Like Tara, I would like to tell you a story.When I was 4-yrs old (you have young children so picture them at this age), while trying to be a “good, mommy’s helper,” I picked up my 10-mos old crying baby sister. In my attempt to console her, she slipped out of my hands and her head hit the corner of the table…and then, utter silence. Instinctively, I knew this was bad, and fetched my mother. She ran over and grabbed my baby sister, then rushed to my next door neighbor who had a car, and rushed off to the hospital. My mother returned late that night…but without my baby sister, and without words. All I remember was calling out to her, “Mommy, Mommy,” as she always slept next to me on the floor (Asian custom), but she never came…so my older sister laid next to me until I fell asleep. What followed were only memories of the loss of affection and love from my mother; she was grieving and fell into a deep depression. I played beside my despondent mother, nevertheless. This tragedy was followed by my mother’s own death (cancer) only a year later. These two major events occurred before I was 6-yrs old, and so…much of my emotional hardships that followed in my own development, tied back to those events. I know people make mistakes, and at some point, should be able to “let it go,” and move on with their lives. I have moved on, but bare this cross which I carry or which carries me…I don’t know. All I know is that we’ve been endowed with the capacity to feel and experience physical and emotional pain. The CIM teaches that both types of pain are, but an illusion, a misperception of our true state. All I can say is that I struggle with this immensely, and seek release from these illusions. But how? How do I bring the CIM into application related to self-forgiveness? I intellectually understand what I need to do, but its the process of completely “emptying my bowl,” “the bowl that’s been Given.”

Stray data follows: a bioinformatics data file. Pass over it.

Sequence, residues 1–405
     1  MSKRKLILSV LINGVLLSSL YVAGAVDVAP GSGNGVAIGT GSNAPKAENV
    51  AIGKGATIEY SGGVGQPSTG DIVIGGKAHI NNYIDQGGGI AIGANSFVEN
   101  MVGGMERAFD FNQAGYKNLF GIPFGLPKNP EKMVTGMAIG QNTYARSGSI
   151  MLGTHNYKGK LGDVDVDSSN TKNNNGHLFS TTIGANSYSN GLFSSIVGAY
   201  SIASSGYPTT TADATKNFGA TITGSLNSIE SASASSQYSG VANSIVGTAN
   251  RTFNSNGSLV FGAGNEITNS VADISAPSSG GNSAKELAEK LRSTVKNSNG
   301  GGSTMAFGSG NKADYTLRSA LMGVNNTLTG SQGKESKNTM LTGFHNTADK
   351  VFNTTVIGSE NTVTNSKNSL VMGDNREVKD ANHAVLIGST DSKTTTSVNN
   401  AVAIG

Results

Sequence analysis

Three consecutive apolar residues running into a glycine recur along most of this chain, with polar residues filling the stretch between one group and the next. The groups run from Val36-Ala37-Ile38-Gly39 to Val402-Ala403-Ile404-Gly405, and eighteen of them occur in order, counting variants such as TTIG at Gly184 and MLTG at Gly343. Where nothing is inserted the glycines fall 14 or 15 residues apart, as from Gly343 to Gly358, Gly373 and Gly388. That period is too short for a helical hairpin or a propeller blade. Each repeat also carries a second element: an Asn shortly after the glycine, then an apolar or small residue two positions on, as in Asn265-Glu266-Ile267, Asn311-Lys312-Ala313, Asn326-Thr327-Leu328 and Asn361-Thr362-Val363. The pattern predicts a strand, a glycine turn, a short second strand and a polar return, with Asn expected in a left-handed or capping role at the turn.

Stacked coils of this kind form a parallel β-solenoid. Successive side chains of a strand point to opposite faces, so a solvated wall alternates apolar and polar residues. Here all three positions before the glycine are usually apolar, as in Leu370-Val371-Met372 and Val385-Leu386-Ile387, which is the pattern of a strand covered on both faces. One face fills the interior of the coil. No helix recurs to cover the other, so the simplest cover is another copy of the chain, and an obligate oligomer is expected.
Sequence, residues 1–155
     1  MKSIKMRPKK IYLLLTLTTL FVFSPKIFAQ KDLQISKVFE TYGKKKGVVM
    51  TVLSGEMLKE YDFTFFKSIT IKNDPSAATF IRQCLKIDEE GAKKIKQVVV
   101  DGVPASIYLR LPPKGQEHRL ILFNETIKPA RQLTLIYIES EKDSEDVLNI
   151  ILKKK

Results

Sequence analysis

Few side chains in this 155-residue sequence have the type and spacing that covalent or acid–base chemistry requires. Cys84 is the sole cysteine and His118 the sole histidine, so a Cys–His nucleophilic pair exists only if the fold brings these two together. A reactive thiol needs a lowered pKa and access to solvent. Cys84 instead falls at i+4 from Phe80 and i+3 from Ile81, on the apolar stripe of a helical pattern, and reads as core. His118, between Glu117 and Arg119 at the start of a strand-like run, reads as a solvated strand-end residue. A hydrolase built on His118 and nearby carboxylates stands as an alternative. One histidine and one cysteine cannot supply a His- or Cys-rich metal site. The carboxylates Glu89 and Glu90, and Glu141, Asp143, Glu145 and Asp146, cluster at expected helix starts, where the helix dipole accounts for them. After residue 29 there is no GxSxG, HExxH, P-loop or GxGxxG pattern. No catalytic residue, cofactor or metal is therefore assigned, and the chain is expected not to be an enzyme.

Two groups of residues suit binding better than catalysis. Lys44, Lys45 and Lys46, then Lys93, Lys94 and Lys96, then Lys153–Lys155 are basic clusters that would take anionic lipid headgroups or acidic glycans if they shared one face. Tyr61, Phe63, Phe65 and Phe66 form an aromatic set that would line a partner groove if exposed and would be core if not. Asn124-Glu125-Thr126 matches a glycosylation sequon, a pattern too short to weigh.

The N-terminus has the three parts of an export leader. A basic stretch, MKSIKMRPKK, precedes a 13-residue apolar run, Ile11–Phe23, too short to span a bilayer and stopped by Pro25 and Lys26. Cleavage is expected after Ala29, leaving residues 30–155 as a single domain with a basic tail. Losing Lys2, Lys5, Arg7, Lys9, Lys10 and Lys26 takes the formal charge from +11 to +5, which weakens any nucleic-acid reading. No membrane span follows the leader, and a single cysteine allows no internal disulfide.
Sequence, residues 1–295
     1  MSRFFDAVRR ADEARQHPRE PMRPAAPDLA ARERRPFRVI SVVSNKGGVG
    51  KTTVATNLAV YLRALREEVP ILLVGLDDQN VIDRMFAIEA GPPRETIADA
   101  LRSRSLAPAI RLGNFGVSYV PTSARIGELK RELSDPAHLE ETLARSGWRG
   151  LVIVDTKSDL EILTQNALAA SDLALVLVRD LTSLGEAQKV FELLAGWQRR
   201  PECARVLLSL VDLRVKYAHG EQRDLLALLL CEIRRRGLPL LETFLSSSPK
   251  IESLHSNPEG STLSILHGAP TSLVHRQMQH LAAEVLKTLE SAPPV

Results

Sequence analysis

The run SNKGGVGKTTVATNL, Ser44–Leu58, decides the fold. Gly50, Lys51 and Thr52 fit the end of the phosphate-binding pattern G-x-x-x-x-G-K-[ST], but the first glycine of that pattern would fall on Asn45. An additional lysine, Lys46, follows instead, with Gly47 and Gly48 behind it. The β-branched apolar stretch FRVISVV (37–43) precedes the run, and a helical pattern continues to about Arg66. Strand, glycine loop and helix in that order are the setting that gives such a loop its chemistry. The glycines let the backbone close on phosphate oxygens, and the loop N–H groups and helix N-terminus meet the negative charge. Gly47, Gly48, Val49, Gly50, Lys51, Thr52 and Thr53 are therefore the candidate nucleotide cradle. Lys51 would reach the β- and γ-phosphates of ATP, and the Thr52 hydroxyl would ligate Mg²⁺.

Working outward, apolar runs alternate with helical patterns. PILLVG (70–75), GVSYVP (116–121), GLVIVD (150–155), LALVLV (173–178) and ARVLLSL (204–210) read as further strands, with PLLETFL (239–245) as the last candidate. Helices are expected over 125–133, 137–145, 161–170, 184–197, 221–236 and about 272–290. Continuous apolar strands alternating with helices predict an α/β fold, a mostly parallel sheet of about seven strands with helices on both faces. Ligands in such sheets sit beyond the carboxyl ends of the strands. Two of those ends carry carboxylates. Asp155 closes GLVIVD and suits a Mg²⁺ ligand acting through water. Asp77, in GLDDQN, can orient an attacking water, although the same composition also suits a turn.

PS – I would appreciate your response to my email address provided with this post. Thank you kindly.

Leave a Comment

Your email address will not be published. Required fields are marked *

This site uses Akismet to reduce spam. Learn how your comment data is processed.